By Beth Dickey
March 3, 2004Rather than obtain innovative equipment the old-fashioned way--by purchasing it--NASA plans to send America to the moon, Mars and beyond on technological breakthroughs resulting from a series of contests with cash prizes.
Executives of the space agency's new Office of Exploration Systems detailed their plans in a briefing to industry representatives Wednesday. They said NASA wants to stimulate innovation in ways that standard federal procurements cannot.
"This is a very different approach from how NASA or any federal [research and development] agency has gone about technical innovation in the past," said Brant Sponberg, manager of what the agency calls its Centennial Challenge. The name is a nod to the 100th anniversary of the Wright Brothers' first powered flight.
"We're going to do business differently," acknowledged NASA's new exploration chief, Craig Steidle, associate administrator of the enterprise known as Code T to agency insiders.
Steidle is a retired rear admiral who won awards for his management of several Navy programs, including the Joint Strike Fighter. Steidle commanded the F/A-18 program, naval aviation's largest production, research and development program. The former test pilot also oversaw the service's largest foreign military sales program. When he retired in March 2000, he was chief aerospace engineer and vice commander of Naval Air Systems Command, which develops, acquires and supports naval aeronautical systems. He worked as an aerospace consultant until he joined NASA late last year.
The space agency established the office Jan. 15, one day after the president's vision statement, to set priorities and to identify, develop and validate exploration systems and related technologies. The office has technologists and users of their technology working side by side with the aim of keeping better control over requirements, program schedules and costs.
To a crowd of about 300, representing companies large and small, Steidle and several key managers explained the organizational framework and operating principles of enterprise. Everything is to focus on developing technology for human and robotic exploration and the transportation systems needed to carry out those missions. The officials did not offer specifics on contemplated contract actions and business opportunities. "We do not have a lot of products yet," said Steidle, "but we have an idea of where we want to go and what we want to do."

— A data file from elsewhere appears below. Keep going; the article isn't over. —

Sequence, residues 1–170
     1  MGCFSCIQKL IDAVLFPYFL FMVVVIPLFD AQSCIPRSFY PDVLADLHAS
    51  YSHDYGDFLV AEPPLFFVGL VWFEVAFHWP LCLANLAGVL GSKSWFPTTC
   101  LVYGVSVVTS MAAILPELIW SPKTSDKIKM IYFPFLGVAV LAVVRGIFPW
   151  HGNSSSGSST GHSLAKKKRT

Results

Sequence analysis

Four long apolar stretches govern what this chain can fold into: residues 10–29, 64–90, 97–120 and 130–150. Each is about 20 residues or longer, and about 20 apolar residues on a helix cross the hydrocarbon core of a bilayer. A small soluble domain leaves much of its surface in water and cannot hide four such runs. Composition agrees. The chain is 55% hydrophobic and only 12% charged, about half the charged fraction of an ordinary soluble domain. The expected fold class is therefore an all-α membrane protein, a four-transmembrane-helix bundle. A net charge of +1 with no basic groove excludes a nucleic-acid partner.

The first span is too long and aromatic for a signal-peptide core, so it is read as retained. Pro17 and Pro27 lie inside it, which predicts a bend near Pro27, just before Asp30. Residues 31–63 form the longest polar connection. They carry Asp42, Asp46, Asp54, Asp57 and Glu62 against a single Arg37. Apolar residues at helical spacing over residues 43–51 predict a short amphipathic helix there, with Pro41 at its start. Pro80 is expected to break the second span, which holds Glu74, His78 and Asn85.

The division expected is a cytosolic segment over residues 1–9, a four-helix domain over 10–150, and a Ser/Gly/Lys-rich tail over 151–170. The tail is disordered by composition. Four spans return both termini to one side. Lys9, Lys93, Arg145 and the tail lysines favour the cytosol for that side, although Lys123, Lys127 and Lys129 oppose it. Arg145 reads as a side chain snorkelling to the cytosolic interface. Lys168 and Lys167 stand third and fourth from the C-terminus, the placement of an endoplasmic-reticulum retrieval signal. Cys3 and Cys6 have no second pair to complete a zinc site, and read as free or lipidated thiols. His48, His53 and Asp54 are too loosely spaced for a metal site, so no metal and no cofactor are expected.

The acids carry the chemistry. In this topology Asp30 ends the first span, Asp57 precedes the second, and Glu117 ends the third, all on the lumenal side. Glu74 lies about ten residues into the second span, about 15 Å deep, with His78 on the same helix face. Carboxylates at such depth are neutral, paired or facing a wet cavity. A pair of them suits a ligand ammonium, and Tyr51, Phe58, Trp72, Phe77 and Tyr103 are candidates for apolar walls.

The office has taken over about 140 technology programs from across the agency and is reviewing them for realignment. Without giving specifics, Steidle said technology programs that do not fit the new vision will be refocused to fit, transferred to other NASA offices, or eliminated. He also said he expects to restart some old programs and start some new ones.
Although the Centennial Challenge is new, the idea of holding prize competitions for achievements in science, technology and engineering is very old.
In the 18th century, London clockmaker John Harrison invented the marine chronometer to win a British government prize for determining longitude on the high seas. In the barnstorming days of aviation in the early 1900s, Charles Lindbergh won the Orteig Prize for the first Atlantic Ocean crossing in an airplane. The private X-Prize Foundation brought the tradition into the 21st century by offering a $10 million prize, which it expects to award this year, for the first repeatable, sub-orbital human space flight by an entrepreneur with no governmental ties.
On March 13, teams of autonomous vehicle innovators will compete for a $1 million purse in the Defense Advanced Research Projects Agency's Grand Challenge. The winning vehicle must complete the 300-mile course from Los Angeles to Las Vegas in the fastest time less than 10 hours--without external communication or human control.
Using a similar approach, Sponberg said, NASA can find novel or low-cost solutions to its engineering problems. The contests would give the space agency access to innovators it may not reach otherwise as it strives to fill White House orders for a sustainable and affordable program of robotic and human missions throughout the solar system.
Instead of soliciting proposals for a grant or contract award, NASA will state its technical goals without prescriptions for achieving them. In each challenge, multiple teams will integrate, test and fly various approaches to a certain goal. "As multiple teams succeed or fail in going after a challenge, the competitive process will distinguish between those technologies that can be imagined and those that can be practically developed," Sponberg said.
By Beth Dickey
March 3, 2004